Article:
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The Bloody Tower, one of the 21 towers which, together, form the Tower of London complex, was built in the early 1220's during the reign of King Henry III. The Chief Architect and Master Builder of the tower was Henry de Reyns together with John of Gloucester and Robert of Beverley. The Bloody Tower was intended to control the main river entrance to the Tower of London, after 1280 the construction of the outer defensive wall left this tower land locked. It then became the principal access from the inner to the outer ward with the lower chamber containing superior lodgings. The Bloody Tower was originally named the Garden Tower as its upper storey opens on that part of the parade ground which was formerly the Constable's Garden. The upper chamber was largely rebuilt during the reign of King Edward III.
The Bloody Tower is infamous due to the mysterious murder of the two young Princes in the Tower Edward V and his brother, Richard Duke of York, which is traditionally believed to have taken place there. The thirteen year old Edward V's uncle, Richard Duke of Gloucester, was declared Lord Protector in 1483, Edward was confined to the Tower of London along with his younger brother Richard, while Gloucester was proclaimed King Richard III The two Yorkist princes were last seen in alive in June 1483, and it has traditionally been believed that the most likely reason for their disappearance is that they were murdered late in the summer of 1483. Dispute has raged ever since with regard to the fate of Edward V and his brother. The traditionalists believe that they were killed on their uncle Richard's orders. While the revisionists argue that Richard was cast into the role of villain by Tudor propaganda and that his successor, Henry VII, or Buckingham, had equal cause to remove the two boys, as they stood as much in their path to the throne as they did in Richard's.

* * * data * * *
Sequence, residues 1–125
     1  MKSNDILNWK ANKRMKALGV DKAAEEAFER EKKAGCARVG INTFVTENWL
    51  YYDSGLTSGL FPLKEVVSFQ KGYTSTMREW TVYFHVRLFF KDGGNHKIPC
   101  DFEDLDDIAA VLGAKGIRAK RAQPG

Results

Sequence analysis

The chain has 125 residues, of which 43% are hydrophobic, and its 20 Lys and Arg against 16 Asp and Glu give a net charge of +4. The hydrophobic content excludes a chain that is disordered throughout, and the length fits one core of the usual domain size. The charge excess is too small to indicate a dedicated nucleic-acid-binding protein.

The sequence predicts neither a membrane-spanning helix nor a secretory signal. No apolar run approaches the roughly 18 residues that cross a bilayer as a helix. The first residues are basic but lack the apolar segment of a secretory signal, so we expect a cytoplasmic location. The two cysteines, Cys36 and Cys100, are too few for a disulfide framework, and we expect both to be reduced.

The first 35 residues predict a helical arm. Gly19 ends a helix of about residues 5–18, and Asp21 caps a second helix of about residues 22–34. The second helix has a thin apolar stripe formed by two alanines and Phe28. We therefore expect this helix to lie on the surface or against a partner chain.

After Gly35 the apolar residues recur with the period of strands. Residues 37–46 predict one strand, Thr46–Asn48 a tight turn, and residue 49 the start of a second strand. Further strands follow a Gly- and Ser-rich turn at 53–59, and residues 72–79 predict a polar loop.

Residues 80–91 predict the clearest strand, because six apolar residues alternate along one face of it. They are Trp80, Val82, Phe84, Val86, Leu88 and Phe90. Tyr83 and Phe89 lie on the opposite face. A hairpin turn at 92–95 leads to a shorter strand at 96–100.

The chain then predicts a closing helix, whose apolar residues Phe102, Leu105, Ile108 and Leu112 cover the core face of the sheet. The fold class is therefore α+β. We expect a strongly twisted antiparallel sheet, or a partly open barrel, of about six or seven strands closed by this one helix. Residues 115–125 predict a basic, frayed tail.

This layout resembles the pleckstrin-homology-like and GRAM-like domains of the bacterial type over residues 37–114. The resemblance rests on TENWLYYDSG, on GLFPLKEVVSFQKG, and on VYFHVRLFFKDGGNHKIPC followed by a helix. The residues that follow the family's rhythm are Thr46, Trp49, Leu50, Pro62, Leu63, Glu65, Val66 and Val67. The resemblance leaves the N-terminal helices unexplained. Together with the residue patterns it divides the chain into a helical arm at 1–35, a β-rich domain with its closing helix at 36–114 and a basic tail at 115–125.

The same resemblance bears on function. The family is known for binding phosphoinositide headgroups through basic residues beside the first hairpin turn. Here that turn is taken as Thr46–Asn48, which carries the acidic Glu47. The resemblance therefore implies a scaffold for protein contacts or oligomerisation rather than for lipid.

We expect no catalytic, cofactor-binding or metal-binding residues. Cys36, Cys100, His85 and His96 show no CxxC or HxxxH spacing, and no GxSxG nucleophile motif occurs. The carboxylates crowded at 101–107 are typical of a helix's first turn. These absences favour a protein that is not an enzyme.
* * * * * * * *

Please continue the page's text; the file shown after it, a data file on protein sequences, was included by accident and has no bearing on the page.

Bones thought to belong to those of the princes were discovered in 1674 when a staircase leading to the White Tower was demolished. The bones were later removed to the Henry VII Chapel at Westminster Abbey at the command of Charles II. Richard III was defeated at the Battle of Bosworth Field in 1485 by the Lancastrian Henry Tudor, who ascended to the throne as King Henry VII.
According to legend, the Bloody Tower is haunted by the ghosts of the two princes. Guards in the late fifteenth century reported that passing the Bloody Tower, they sighted the shadows of two small figures gliding down the stairs still wearing the white night shirts they had on the night they disappeared. They were said to stand silently, hand in hand, before fading back into the stones of the Bloody Tower.
The Bloody Tower is believed to derive its present name from the suicide of Henry Percy, 8th Earl of Northumberland, within its walls, in 1585. Percy was buried in the church of St. Peter ad Vincula, within the Tower.
In the Stuart era, the renowned Elizabethan seaman and courtier, Sir Walter Raleigh was imprisoned in the Bloody Tower by James I. While captive there, Raleigh passed the time by writing his History of the World, which was published in 1614, four years before he was beheaded. Raleigh was assigned two rooms on the second floor of the Bloody Tower and lived there for thirteen years. Raleigh was beheaded in the Old Palace Yard at the Palace of Westminster on 29 October 1618. "Let us dispatch", he is reported to have said to his executioner. "At this hour my ague comes upon me. I would not have my enemies think I quaked from fear." After he was allowed to see the axe that would behead him, he remarked "This is a sharp Medicine, but it is a Physician for all diseases and miseries."